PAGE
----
Opinion: How supply meets demand

The real power of e-commerce begins with an accessible and usable catalog of products. Businesses with fragmented, inconsistent online product listings are like doughnuts: They have a substantial exterior with a big hole in the middle.

Thanks to the efforts of UCCnet in the US, a nonprofit registry of business data for Internet-based supply chains, standard formats for product descriptions in 23 industries have been developed, making it possible to organize and share information across companies. And tapping into this industry-standard approach should make it a no-brainer to convey product data electronically throughout a trading network.

FullTilt Solutions has adopted UCCnet standards for its product management software, I-Accel. Product data loaded into I-Accel becomes the central registry. The Web-based electronic catalog can be the touchstone for specs and prices and serve as a reference guide to your supplier backbone. In addition, when you push the catalog out to customers via a Java servlet, you give them the chance to view the same catalog. In the process, you eliminate mistakes made with faxes, phone calls and multiple product sheets.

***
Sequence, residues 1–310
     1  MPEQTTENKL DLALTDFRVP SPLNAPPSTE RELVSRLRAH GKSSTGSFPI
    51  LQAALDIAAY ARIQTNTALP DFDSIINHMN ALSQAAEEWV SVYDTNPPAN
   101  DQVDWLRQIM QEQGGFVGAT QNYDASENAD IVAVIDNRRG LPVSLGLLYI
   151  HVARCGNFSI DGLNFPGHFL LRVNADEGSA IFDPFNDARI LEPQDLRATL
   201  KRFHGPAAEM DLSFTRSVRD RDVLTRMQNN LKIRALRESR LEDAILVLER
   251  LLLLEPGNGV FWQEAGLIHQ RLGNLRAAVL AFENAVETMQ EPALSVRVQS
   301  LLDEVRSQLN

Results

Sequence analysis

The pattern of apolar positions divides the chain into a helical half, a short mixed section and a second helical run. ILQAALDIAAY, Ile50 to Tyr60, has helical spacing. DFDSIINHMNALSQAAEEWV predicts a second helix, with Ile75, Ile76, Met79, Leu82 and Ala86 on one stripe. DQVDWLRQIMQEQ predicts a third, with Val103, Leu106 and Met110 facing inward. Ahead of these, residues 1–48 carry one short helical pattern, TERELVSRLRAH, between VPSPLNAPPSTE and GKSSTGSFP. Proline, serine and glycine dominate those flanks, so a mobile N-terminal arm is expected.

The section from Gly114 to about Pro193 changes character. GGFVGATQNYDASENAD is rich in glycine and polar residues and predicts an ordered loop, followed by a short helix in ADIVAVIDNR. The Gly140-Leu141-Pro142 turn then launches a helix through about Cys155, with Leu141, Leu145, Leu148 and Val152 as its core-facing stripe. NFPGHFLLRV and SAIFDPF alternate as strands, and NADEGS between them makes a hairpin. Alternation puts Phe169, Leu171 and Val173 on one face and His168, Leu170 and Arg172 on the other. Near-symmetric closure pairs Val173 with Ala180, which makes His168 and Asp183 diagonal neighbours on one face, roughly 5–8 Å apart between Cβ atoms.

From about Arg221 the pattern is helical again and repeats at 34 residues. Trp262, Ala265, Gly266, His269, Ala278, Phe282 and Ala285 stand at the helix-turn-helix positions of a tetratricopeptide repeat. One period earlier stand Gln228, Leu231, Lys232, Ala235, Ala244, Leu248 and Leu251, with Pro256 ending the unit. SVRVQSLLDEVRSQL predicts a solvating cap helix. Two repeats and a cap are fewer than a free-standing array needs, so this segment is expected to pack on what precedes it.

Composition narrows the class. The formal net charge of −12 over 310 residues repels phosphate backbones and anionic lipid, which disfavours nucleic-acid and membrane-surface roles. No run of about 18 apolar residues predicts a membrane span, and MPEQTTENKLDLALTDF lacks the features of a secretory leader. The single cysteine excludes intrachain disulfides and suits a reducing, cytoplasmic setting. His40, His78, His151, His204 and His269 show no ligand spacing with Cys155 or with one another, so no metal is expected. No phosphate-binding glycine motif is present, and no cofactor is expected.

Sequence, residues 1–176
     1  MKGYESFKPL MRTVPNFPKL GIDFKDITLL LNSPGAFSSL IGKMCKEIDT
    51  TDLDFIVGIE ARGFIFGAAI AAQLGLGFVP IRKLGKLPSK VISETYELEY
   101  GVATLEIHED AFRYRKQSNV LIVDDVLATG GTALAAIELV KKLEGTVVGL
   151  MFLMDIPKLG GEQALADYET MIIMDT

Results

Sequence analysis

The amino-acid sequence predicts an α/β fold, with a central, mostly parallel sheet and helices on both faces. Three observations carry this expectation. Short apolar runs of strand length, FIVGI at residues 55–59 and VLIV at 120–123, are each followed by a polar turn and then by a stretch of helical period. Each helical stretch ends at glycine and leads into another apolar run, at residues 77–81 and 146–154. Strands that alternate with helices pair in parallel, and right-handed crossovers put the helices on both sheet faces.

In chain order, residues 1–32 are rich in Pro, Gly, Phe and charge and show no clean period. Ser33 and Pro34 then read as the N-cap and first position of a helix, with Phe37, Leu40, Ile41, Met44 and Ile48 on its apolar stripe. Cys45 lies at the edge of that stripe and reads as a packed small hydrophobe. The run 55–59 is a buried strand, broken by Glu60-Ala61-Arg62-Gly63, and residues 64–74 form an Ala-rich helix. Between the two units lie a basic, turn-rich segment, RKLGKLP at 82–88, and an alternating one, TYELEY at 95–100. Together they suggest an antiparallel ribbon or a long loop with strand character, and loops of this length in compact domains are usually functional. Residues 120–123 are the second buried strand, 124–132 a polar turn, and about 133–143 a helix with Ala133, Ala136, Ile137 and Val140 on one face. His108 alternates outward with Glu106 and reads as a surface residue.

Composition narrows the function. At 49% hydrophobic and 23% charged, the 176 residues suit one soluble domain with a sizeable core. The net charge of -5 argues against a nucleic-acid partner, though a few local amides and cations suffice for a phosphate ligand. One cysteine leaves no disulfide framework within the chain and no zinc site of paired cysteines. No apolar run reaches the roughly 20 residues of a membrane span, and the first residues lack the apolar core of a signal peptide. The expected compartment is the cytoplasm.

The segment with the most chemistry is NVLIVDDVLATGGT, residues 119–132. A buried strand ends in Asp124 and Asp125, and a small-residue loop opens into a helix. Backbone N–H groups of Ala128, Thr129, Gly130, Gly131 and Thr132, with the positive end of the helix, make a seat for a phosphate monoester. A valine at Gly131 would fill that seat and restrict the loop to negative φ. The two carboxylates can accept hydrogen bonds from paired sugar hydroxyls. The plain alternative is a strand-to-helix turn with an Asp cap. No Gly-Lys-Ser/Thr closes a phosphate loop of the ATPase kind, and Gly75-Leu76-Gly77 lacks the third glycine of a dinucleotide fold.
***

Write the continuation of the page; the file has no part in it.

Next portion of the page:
FullTilt's software is designed to accept data in consistent formats while taking into account the changing and evolving nature of product specifications. And while it offers a view-only presentation, it's compatible with XML, meaning connections to transactional applications are possible. At the very least, you'll have a comprehensive and consistent register of products that can be linked to invoicing and accounting procedures.

Joe Pleasant, CIO at Premier, says his nonprofit hospital alliance shares product info using I-Accel across its 1,500 hospitals. With it, he's able to store product items in a master catalog that allows him to easily segregate different categories of products, such as surgical or laboratory supplies, for different members of the health care alliance.

"We're able to connect line items with contracts across our network," said Pleasant. "This makes it possible to do analysis of products, compare pricing and organize our spending." He calls it "master list integrity."

Another advantage of the product management system is synchronization with downstream partners. A Java Database Connectivity-compliant shared repository lets partners have a look at a common product line, which helps to improve order efficiency and invoice accuracy.

Retailers such as Wal-Mart are employing UCCnet formats in product management to improve the accuracy of transactions with suppliers. And we all know what happens to suppliers that don't listen to Wal-Mart: They don't get the business.

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